That does not mean entities can push the efforts off for later. Budgets and scope need to be determined to account for accessibility requirements. If site and application owners have not been considering these efforts in their budgets, planning is needed now.

Furthermore, successful accessibility is an ongoing process. It does not end with one successful remediation. Strategies for best practices should be clear and maintained for all new content. On a regularly-scheduled basis, digital assets should be assessed and remediated in compliance with most current applicable laws and guidelines.

Who Needs to Comply with the New Law?

The June 24, 2024 ADA updates are scoped only to Title II, which applies specifically to all state and local governments, agencies, services, and organizations.

  • State and Local Government
  • Public Schools: Pre-Schools, Elementary Schools, and High Schools
  • Community Colleges and Public Universities
  • Public Libraries
  • State and Local Courts

Compliance to Title II will extend far beyond these specific entities. Many digital solutions from the above entities rely on third-party tools and digital platforms to provide online services, such as utility monitoring and bill payment. These public entities will be mandated to procure products and services exclusively from businesses that conform to Title II expectations. With the updates to the law, now, these third-party tools and platforms also need to meet the requirements. Companies that develop common digital solutions for state and local government web sites and applications, such as CMS (content management system) platforms, payment processors, cookie policies, and advanced search, will also need to satisfy Title II expectations for accessibility.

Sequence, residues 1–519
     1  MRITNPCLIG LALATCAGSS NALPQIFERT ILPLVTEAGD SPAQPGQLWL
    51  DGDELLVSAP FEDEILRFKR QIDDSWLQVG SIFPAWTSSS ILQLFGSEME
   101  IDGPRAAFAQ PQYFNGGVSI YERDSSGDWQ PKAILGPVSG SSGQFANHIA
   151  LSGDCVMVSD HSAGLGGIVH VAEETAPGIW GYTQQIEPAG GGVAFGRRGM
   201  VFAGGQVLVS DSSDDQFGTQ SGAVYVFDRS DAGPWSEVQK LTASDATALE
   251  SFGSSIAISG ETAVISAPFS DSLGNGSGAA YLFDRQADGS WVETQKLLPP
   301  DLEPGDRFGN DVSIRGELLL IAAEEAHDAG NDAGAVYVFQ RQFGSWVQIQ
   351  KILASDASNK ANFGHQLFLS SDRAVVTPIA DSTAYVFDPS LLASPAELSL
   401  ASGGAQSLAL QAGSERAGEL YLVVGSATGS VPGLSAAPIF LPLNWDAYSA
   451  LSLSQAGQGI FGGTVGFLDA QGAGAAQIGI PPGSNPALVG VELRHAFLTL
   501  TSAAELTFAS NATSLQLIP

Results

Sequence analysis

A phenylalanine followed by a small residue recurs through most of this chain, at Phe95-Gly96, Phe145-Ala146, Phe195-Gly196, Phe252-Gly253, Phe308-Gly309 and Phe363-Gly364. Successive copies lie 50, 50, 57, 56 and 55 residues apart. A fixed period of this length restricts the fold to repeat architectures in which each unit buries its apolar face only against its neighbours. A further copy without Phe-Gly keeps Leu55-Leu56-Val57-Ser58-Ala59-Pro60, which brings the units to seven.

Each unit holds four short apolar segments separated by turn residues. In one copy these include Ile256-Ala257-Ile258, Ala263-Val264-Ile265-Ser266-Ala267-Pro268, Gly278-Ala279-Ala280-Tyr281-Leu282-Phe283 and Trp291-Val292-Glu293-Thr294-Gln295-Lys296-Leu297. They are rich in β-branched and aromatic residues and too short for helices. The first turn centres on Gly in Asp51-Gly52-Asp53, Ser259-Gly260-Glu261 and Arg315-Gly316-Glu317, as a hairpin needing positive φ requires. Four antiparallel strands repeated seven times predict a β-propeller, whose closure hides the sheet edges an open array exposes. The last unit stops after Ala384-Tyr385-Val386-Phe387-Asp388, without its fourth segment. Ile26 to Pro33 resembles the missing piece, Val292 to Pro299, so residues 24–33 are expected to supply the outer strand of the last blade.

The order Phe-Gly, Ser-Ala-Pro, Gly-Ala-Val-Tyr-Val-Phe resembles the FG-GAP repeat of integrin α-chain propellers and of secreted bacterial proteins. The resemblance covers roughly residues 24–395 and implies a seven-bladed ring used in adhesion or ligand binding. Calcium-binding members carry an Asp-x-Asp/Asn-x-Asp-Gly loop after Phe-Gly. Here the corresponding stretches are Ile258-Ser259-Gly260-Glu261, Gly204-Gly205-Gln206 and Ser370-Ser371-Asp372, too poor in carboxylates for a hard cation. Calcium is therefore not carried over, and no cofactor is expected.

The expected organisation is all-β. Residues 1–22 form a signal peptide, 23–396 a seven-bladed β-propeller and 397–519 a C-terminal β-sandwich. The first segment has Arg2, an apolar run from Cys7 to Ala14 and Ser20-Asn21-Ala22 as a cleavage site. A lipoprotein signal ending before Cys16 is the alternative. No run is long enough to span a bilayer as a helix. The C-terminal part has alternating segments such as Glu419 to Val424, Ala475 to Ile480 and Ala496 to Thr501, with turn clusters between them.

Furthermore, even though Title III of ADA was not updated, the implications of Title II may influence the legal space for places of public accommodation. Though not explicitly stated, we could see more strength in lawsuit arguments and the potential for similar changes to Title III in the future. Remember that ADA is a very broad civil rights law that extends to employment, architectural design, transportation, and other services offering public accommodation.

What is Considered Compliance to Title II of ADA?

The DOJ’s new rule offers specific technical clarity by stating WCAG (Web Content Accessibility Guidelines) 2.1 A and AA conformance requirements. The W3C, an international standards organization for the World Wide Web, developed WCAG 2.1 to be a pragmatic standard to measure the minimal requirements for accessible digital experiences. These standards were written to be agnostic to technology so it can be applied to other digital solutions, like mobile applications and documents, including PDFs.

Do note that the compliance requirements also list exceptions, including archived content that is not currently used, pre-existing conventional electronic documents, content posted by third parties under certain circumstances, individualized documents that are password-protected, and pre-existing social media posts. However, new versions of documents and social media posts are not exceptions, so they will require continued accessibility planning and remediation efforts.